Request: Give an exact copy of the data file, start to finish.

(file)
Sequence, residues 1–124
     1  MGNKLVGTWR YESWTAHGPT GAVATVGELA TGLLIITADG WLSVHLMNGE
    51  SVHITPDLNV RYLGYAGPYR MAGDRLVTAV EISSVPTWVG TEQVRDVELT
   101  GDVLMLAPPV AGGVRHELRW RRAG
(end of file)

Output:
Sequence, residues 1–124
     1  MGNKLVGTWR YESWTAHGPT GAVATVGELA TGLLIITADG WLSVHLMNGE
    51  SVHITPDLNV RYLGYAGPYR MAGDRLVTAV EISSVPTWVG TEQVRDVELT
   101  GDVLMLAPPV AGGVRHELRW RRAG